Over a million developers have joined DZone.

Node.js: A Beginner’s Perspective

DZone's Guide to

Node.js: A Beginner’s Perspective

· Web Dev Zone ·
Free Resource

Jumpstart your Angular applications with Indigo.Design, a unified platform for visual design, UX prototyping, code generation, and app development.

I’d been curious about node.js for a while. Finding Twitter all atwitter about it at any particular moment isn’t difficult. People are experimenting with it and other JavaScript technologies, like WebSockets. Yahoo even showcased a multi-core HTTP server written in it a few months back. I already had a decent working knowledge of JavaScript. (If you don’t, check out Eloquent JavaScript or Crockford’s JavaScript to get up to speed.) So, I decided to poke my head in, see what all the hype was about, and share my experiences for any others considering doing the same. Here are my lessons learned.

Have at least a basic working knowledge of git. A significant number of node.js projects are hosted exclusively on github. While you can grab the source code by downloading an archive, it can make getting the latest updates tedious (compared to a few simple git commands) and makes it a lot more difficult to contribute back to those projects. Also, users of node.js and git seem to be of similar mindsets, so if you’re familiar with one community, chances are you’ll be comfortable in the other. There tends to be a good bit of overlap as well.

Look around for existing solutions. Don’t succumb to NIH Syndome, especially not just because of the project’s young age compared to some much older languages. The plethora of existing software written for it is pretty amazing. Good examples include the npm package management system, which can be very helpful in installing and distributing node.js packages, and nodeunit, a great simple unit testing framework. Regardless of what supporting library or tool you might need, you’ll probably find at least one option already available.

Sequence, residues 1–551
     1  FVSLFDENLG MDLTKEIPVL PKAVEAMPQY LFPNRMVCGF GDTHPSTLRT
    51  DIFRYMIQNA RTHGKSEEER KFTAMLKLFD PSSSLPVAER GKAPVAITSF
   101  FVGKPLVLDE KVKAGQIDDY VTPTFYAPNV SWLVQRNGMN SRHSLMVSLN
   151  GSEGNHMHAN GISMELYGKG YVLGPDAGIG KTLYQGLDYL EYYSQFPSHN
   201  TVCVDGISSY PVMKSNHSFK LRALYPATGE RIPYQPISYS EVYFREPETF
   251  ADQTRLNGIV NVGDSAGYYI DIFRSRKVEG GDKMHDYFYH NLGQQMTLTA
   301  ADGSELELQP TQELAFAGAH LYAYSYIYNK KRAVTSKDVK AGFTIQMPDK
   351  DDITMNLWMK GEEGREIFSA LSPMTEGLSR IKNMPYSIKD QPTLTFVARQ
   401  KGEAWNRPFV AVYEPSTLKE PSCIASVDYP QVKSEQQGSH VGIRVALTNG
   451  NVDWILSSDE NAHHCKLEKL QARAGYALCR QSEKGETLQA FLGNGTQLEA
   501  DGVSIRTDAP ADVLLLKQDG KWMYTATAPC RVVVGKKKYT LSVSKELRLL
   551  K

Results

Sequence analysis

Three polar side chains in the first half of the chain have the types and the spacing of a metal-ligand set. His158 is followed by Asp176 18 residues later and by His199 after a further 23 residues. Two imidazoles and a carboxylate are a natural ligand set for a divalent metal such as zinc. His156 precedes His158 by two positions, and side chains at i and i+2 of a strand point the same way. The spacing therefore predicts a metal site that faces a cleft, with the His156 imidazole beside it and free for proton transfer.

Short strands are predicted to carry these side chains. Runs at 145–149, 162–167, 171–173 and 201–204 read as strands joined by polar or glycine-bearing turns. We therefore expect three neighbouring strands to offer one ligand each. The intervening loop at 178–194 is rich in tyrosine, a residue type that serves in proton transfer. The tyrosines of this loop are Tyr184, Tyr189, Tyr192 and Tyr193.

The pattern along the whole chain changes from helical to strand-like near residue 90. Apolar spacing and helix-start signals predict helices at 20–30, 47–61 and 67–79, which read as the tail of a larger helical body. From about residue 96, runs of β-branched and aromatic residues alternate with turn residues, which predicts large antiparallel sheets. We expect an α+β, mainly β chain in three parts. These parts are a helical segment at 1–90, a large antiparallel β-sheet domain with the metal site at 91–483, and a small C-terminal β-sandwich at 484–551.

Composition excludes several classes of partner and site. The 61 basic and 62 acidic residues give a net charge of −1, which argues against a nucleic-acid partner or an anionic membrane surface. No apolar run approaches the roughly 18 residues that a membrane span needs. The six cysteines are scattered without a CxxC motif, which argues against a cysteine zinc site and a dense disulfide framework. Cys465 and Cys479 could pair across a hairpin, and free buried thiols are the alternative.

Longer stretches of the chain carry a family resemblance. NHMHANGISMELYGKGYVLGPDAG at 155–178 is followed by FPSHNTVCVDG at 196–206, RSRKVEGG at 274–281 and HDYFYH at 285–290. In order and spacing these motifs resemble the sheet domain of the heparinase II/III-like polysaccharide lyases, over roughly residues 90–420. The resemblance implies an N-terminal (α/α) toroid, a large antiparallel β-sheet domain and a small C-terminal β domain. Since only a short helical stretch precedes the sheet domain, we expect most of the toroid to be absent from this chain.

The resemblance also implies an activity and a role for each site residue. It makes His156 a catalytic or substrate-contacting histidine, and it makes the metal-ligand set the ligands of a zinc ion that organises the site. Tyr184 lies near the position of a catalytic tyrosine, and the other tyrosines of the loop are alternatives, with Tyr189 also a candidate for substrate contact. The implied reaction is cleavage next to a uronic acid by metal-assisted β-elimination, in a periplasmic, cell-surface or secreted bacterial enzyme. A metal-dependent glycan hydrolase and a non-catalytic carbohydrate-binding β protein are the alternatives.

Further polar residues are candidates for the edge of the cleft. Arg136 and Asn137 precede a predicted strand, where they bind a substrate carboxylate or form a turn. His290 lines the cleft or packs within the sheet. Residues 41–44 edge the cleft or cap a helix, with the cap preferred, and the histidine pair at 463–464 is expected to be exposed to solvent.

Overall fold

Seek out good resources. The project docs are pretty good. The community blog How to Node has lots of info on node.js topics. Follow the #nodejs Twitter hash tag or Delicious nodejs tag. Talk to others using node.js. It’s got a large and lively community of enthusiastic people doing cool cutting-edge stuff. For example, most non-library projects will probably need to be backed by a data source of some type. Whether you want to use MySQL or MongoDB, node.js can handle it. If you get stuck, post your query to the mailing list.

Don’t forget what language you’re using. While node.js hasn’t been around but a few years and isn’t a language in and of itself, JavaScript is very well-established and has plenty of existing libraries already available. node.js runs on V8, the same JavaScript engine that powers Google Chrome. If you can’t use your favorite library in node.js, there are probably already similar alternatives that people will readily suggest.

Most people know me as being a PHP developer. Don’t think this means that I’m abandoning it in favor of node.js. This was mostly just a small foray to explore another development platform. I’ll likely be keeping my eye on it, but it’s not likely to become my primary skillset anytime soon.

If you’ve used node.js, please post a comment. I’d love to hear about your own experiences and what resources you have to suggest for new users like me who are looking to get their hands dirty.

Take a look at an Indigo.Design sample application to learn more about how apps are created with design to code software.


Published at DZone with permission of

Opinions expressed by DZone contributors are their own.

{{ parent.title || parent.header.title}}

{{ parent.tldr }}

{{ parent.urlSource.name }}